Living with Aphasia
Aphasia means loss
of speech. Stroke is one of the common causes. Stroke occurs when the flow
of blood, which carries oxygen and other nutrients to the brain, is blocked
and brain cells begin to die.
occurs when certain areas of the left side of the brain are damaged. Aphasia
caused by a stroke is generally sudden. It can affect your ability to speak
and to understand speech, and your ability to read and write. . Some people
who have aphasia may also be paralyzed or partially paralyzed, often on the
right side of the body.
The type of aphasia
that affects your ability to speak is called “expressive.” When expressive
aphasia is mild, you may have difficulty finding the right word sometimes,
although you’re able to get your meaning across without much problem. When
this kind of aphasia is severe, you may speak a kind of gibberish, using words
that aren’t real words and sentences that are nearly impossible to understand.
with expressive aphasia are able to think and use their minds the same as
they always did, even though they can’t express themselves. But others lose
the ability to use words even in their own thinking.
is aphasia treated?
In some cases,
aphasia disappears within hours or days after the stroke occurs, as blood
flow to the brain is restored. For most people, however, it’s a more difficult
experience. Often, there’s a partial recovery soon after the stroke. But even
when that occurs, a full recovery is not guaranteed. Most people who don’t
recover from aphasia within hours or days will have some sort of aphasia throughout
Speech and language
therapy is a large part of the aphasia recovery process. Music therapy can
also be extremely helpful to some people. Typically, improvements can continue
for up two about two years. The extent of the recovery depends on the location
of the damage, the area of the brain that was damaged and the age and health
of the person.
family members can do to reduce the isolation of aphasia
to remember that your loved one who has aphasia is probably feeling lonely,
isolated and frustrated. A neurologist named Oliver Sacks wrote an article
in The New Yorker last fall about
a woman named Pat, an active, intelligent person who had a stroke that paralyzed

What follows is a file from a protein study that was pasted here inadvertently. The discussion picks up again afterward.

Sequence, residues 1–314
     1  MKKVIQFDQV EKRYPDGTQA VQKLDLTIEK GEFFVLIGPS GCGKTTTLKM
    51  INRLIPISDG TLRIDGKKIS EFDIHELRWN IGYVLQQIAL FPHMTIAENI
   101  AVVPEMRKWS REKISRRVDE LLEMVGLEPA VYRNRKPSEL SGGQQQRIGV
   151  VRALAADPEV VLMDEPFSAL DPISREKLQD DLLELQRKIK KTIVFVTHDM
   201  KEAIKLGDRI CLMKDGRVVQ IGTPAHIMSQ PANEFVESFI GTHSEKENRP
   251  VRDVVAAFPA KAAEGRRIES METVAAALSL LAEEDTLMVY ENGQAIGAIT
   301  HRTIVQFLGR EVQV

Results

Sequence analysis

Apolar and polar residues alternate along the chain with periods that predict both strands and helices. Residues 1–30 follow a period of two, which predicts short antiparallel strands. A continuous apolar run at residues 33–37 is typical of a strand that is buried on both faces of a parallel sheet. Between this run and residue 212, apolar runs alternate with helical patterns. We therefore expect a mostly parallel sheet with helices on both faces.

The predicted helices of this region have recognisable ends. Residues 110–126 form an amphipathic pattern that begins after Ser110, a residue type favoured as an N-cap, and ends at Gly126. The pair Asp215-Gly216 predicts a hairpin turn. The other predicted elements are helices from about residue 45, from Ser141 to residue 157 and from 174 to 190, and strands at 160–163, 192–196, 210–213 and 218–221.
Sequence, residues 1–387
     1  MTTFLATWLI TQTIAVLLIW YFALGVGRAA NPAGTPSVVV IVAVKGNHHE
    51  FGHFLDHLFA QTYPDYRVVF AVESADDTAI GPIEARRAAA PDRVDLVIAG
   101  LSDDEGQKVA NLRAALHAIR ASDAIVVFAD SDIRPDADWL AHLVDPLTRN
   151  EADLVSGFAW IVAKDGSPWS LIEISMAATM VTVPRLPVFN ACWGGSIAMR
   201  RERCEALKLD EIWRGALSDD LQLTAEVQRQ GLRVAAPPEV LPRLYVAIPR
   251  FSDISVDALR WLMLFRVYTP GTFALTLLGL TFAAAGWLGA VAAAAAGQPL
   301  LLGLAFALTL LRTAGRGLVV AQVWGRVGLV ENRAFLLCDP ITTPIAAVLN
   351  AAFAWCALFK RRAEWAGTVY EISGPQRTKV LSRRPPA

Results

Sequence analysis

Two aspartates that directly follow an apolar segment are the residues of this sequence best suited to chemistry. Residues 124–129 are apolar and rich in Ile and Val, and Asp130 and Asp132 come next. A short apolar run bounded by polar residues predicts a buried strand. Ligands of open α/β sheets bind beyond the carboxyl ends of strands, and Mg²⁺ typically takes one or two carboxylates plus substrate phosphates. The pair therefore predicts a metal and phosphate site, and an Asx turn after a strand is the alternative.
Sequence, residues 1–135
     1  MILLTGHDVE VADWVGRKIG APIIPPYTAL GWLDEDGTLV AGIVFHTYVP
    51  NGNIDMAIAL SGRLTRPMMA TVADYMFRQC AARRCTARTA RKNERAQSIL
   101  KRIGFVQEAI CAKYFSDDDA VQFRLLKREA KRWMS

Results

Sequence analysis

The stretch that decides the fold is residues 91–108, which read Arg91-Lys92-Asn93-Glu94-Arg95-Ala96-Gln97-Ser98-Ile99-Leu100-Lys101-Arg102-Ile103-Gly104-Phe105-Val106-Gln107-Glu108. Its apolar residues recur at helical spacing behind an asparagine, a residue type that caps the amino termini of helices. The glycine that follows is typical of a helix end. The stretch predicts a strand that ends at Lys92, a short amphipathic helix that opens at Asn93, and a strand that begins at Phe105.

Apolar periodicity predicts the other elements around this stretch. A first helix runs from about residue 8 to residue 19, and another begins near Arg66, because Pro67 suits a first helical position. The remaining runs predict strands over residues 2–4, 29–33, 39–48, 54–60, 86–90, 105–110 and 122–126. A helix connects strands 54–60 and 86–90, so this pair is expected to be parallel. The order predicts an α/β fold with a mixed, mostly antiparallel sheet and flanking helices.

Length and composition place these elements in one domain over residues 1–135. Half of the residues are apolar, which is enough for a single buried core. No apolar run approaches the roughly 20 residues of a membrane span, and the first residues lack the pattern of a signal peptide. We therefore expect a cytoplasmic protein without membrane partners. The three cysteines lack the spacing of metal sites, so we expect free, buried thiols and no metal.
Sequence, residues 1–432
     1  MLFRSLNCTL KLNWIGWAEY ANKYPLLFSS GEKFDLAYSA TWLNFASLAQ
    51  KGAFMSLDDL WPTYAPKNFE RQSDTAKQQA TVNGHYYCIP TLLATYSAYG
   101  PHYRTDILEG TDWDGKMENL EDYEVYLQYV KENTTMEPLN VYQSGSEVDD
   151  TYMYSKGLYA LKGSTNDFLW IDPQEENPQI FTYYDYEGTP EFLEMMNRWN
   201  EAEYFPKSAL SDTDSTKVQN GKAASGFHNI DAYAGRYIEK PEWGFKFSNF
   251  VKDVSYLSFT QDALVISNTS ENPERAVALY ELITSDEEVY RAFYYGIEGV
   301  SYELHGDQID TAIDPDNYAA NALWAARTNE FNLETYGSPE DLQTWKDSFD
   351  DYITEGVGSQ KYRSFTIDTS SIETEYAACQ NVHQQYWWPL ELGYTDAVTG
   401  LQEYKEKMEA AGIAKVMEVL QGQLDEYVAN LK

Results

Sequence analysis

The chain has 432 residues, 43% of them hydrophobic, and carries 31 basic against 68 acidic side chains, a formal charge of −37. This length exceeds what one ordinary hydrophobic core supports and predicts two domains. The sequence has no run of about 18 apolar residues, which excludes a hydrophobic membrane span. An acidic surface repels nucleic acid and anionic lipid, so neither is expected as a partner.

the right side of her body and left her with aphasia. Pat could hardly speak
at all, and she seemed to have difficulty understanding the speech of others.
As soon as possible
after the stroke, Pat’s grown daughters began taking her to have her hair
done, to have manicures, to eat in restaurants, to visit their apartments.
In other words, they made sure to get her out into the world doing the things
she had always enjoyed. She also had therapy with an accomplished speech therapist.
Pat never did fully
recover her ability to speak, but she did develop a strong capacity to express
herself through gestures, expressions and, sometimes, through songs. Her daughters
feel that she’s happy and very engaged in the world, even though her body
is still paralyzed on the right side and she still is unable to speak very
and other loved ones can play a crucial role in the recovery of a person with
aphasia, but it’s not always easy to know how to help. Here are some guidelines
simple, uncomplicated sentences, but remember that you’re talking to an
the most important words, if necessary, or write them down, if that’s helpful.
your loved one in conversations, and encourage any kind of communication—gestures,
facial expressions, etc.
correct your loved one—it doesn’t help.
rush your loved one.
joining a support group, such as a stroke club.
Dr. Sacks explains
in the New Yorker article that sometimes people with aphasia develop sharper
skills in other areas. For example, their powers of observation and ability
to get a handle on others’ intentions may become stronger because they’re
so aware of tone of voice, facial expressions, gestures and other nonverbal
expression. Aphasics are often better able to tell if someone is lying or
telling the truth.
It’s a difficult
process to learn to live with aphasia, but life can become rewarding again.
The involvement of family and their loved one learns to create a new way of
living in the world.
The National Institute on Deafness and Other Communication Disorders; The New Yorker, “Recalled to Life,” 31 October 2005